Ratatǫskr Research Group for Literary Animal Studies
The Ratatǫskr Research Group for Literary Animal Studies was founded in 2018, and gathers people working in Comparative Literature at Södertörn University who have an interest in literary animal studies. The study of the relationship between animals and humans is an interdisciplinary field that is currently thriving, and which is represented in several subjects at Södertörn. In Comparative Literature, we offer a supplementary level course and a Master’s course that focus on the relationship between animals and literature, and now have more researchers, senior lecturers and doctoral students orienting us within the field.
The motivation for establishing the Ratatǫskr Research Group for Literary Animal Studies is to read and discuss each other’s texts, plan conference travel, apply for research funding, develop courses and benefit from each other’s networks. We also want to develop cooperation with people who are active in this field in Comparative Literature and in other subjects, both inside and outside Södertörn University. In the long run, our aim is that the group will find a place in the international arena for literary animal studies.
We are particularly interested in questions such as: How is the animal–human relationship depicted in literature? How can various literary forms (such as zoopoetics) and different types of reading contribute to problematising anthropocentric paradigms in comparative literature? How can we understand the relationship between matter, metaphor and agency in literary depictions of non-human animals? What is the relationship between the hierarchically organised animal/human dichotomy and ideas about categories such as sex, sexuality, ‘race’ and disability? And how are these questions linked to ethical issues and dilemmas in the wider humanistic field and in ongoing social interactions between species?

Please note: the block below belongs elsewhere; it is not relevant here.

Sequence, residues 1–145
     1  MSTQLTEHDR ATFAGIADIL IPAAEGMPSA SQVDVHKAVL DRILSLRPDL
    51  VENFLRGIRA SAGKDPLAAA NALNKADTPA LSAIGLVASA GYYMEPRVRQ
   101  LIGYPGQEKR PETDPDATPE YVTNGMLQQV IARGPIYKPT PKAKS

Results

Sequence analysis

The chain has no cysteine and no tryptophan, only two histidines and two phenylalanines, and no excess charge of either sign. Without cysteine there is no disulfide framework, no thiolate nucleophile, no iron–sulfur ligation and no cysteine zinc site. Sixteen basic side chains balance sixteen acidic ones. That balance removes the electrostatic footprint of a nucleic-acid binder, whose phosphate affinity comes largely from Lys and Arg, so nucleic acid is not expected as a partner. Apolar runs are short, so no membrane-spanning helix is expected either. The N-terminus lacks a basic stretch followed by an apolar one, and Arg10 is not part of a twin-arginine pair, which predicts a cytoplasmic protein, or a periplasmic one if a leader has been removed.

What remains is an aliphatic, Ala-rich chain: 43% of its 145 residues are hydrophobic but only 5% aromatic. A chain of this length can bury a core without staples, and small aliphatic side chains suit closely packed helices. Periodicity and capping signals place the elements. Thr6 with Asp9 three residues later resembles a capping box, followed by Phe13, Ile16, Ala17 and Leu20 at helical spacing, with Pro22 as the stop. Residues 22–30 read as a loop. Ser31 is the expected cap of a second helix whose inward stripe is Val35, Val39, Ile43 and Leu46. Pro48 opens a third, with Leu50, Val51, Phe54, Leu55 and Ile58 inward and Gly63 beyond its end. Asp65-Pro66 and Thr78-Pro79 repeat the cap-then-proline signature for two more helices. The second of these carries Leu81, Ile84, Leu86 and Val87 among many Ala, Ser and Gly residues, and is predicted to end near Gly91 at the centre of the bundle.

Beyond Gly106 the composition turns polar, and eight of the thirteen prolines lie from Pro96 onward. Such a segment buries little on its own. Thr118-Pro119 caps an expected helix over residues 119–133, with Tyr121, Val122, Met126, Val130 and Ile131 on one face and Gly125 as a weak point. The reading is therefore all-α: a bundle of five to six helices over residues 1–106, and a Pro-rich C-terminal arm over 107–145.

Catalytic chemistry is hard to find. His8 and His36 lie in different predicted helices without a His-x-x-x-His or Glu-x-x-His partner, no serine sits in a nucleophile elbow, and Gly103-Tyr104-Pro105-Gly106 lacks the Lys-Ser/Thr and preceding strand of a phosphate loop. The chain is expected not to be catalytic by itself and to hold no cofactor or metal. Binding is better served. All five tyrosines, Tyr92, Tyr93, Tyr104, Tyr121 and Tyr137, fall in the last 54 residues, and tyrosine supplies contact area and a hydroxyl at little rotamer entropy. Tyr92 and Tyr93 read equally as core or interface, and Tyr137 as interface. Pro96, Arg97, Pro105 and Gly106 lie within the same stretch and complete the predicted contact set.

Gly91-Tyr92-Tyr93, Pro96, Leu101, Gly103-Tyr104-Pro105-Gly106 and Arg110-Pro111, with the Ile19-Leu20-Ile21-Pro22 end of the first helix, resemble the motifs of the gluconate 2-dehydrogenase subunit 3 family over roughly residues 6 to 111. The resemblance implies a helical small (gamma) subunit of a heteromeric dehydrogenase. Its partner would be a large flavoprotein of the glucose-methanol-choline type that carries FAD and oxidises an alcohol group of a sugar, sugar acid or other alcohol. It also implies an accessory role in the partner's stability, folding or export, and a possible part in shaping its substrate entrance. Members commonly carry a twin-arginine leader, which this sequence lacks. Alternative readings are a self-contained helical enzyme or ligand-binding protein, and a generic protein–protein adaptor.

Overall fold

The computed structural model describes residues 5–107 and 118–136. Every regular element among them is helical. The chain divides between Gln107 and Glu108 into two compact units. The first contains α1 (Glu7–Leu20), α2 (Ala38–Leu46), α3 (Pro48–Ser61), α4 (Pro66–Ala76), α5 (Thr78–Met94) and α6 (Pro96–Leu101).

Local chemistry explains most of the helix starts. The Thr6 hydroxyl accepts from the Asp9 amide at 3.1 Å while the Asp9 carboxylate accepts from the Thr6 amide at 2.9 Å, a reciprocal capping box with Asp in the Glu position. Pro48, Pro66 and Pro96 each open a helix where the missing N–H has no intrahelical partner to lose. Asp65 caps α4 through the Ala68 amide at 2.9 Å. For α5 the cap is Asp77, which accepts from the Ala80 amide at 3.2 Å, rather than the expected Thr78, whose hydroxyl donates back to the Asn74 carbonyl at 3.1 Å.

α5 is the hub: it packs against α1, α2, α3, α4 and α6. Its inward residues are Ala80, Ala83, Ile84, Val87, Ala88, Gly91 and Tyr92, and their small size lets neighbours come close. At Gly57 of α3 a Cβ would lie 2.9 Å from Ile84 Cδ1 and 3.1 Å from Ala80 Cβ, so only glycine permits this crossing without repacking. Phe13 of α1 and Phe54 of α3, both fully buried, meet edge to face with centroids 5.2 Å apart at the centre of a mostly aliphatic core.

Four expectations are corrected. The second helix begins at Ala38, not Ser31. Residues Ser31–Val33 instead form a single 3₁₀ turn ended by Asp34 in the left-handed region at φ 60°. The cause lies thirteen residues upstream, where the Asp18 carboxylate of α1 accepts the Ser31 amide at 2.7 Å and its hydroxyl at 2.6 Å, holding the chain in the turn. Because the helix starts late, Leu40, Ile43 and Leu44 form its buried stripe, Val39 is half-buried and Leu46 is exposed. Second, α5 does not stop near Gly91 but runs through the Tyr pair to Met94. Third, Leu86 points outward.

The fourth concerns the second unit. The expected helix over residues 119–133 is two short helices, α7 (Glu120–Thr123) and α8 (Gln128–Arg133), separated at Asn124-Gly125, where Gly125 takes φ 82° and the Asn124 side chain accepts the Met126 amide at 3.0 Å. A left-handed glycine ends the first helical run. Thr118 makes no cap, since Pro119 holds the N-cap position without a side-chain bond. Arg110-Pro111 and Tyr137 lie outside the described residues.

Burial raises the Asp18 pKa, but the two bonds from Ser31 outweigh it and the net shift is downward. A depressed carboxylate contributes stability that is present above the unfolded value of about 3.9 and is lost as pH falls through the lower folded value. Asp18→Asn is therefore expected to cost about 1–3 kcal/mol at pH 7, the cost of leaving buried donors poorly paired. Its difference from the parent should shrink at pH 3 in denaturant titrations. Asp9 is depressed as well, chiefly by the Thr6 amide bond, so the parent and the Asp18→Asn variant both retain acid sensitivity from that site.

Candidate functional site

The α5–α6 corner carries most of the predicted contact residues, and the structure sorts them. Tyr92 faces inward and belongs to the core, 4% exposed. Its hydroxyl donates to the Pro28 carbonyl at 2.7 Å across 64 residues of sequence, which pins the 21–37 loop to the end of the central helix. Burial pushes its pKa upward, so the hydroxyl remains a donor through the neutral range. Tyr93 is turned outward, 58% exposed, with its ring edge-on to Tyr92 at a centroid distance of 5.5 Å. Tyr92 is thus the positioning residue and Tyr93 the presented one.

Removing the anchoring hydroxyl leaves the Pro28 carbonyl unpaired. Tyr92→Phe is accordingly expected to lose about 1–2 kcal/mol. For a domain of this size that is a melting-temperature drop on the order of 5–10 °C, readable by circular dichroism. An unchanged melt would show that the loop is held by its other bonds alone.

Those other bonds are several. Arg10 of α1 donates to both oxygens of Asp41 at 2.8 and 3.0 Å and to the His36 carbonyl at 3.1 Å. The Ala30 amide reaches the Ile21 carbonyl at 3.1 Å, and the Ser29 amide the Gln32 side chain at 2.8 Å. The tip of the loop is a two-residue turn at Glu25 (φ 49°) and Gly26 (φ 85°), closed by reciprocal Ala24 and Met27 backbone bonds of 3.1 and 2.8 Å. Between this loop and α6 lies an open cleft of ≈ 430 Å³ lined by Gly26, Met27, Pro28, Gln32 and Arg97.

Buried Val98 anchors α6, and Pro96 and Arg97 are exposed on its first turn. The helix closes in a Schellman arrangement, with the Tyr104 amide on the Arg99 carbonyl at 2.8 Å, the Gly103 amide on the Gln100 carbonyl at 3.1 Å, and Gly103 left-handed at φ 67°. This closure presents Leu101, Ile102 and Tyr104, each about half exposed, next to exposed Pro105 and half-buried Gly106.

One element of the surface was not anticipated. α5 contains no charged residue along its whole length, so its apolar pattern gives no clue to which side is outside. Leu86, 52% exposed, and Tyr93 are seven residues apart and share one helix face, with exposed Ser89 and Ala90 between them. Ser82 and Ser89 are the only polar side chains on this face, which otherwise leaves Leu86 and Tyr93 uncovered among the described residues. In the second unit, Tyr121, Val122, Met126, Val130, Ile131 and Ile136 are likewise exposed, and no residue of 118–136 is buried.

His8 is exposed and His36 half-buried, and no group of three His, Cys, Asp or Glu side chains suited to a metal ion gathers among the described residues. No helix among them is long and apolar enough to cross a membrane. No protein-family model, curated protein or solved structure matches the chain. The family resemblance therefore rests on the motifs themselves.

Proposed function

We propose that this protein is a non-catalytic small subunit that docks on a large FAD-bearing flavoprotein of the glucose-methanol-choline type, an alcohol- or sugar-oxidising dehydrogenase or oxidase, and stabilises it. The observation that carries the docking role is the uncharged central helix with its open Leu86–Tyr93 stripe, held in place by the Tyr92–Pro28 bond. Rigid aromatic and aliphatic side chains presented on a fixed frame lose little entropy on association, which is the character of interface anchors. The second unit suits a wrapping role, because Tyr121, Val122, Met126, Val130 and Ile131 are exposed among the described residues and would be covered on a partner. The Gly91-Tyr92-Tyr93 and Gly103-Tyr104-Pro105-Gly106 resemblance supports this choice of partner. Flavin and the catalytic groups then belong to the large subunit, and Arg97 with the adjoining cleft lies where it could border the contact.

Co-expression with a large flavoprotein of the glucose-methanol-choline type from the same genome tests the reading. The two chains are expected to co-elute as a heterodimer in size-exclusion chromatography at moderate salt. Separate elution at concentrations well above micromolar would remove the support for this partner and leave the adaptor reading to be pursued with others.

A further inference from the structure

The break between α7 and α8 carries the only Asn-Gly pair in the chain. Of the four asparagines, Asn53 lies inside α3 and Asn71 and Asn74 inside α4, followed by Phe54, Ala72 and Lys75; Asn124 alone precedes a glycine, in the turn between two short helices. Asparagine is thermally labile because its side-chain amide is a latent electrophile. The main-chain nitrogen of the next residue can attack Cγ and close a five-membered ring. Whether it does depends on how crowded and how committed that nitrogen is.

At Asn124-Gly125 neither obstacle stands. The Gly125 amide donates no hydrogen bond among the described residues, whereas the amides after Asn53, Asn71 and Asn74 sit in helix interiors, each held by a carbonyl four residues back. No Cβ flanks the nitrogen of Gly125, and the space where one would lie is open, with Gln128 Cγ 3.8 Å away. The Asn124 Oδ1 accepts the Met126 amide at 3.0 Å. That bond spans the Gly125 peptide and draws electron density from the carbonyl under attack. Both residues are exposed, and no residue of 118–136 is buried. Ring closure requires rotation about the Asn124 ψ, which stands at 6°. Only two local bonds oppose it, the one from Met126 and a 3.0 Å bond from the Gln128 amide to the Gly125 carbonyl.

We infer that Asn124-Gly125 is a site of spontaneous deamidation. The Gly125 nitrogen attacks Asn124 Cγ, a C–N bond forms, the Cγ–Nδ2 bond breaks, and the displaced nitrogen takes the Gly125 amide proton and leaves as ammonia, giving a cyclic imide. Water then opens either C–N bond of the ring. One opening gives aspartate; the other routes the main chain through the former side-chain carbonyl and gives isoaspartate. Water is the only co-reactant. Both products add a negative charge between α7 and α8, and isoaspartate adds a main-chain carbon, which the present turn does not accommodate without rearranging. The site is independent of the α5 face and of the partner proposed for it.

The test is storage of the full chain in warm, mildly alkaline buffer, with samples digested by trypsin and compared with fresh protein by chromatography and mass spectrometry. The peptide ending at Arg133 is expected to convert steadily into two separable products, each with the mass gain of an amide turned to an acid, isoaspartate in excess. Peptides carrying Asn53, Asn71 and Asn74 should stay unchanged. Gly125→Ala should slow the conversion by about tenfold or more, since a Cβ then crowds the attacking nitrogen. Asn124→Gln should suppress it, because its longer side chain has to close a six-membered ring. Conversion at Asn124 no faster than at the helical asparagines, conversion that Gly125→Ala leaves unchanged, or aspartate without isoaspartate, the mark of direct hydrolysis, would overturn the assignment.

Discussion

The Ratatǫskr Research Group for Literary Animal Studies is particularly inspired by the studies conducted and the thoughts formulated by Philip Armstrong, Gabeba Baderoon, Laura Brown, Gilles Deleuze, Jacques Derrida, Gunnar Eggertsson, Erica Fudge, Hillevi Ganetz, Harry Garuba, Donna Haraway, Akira Mizuta Lippit, Michael Lundblad, Karoliina Luumma, Susan McHugh, Carrie Rohman, Helen Tiffin, Cary Wolfe and Wendy Woodward, among others.
The group meets four times per semester and an international symposium is planned for the autumn of 2019.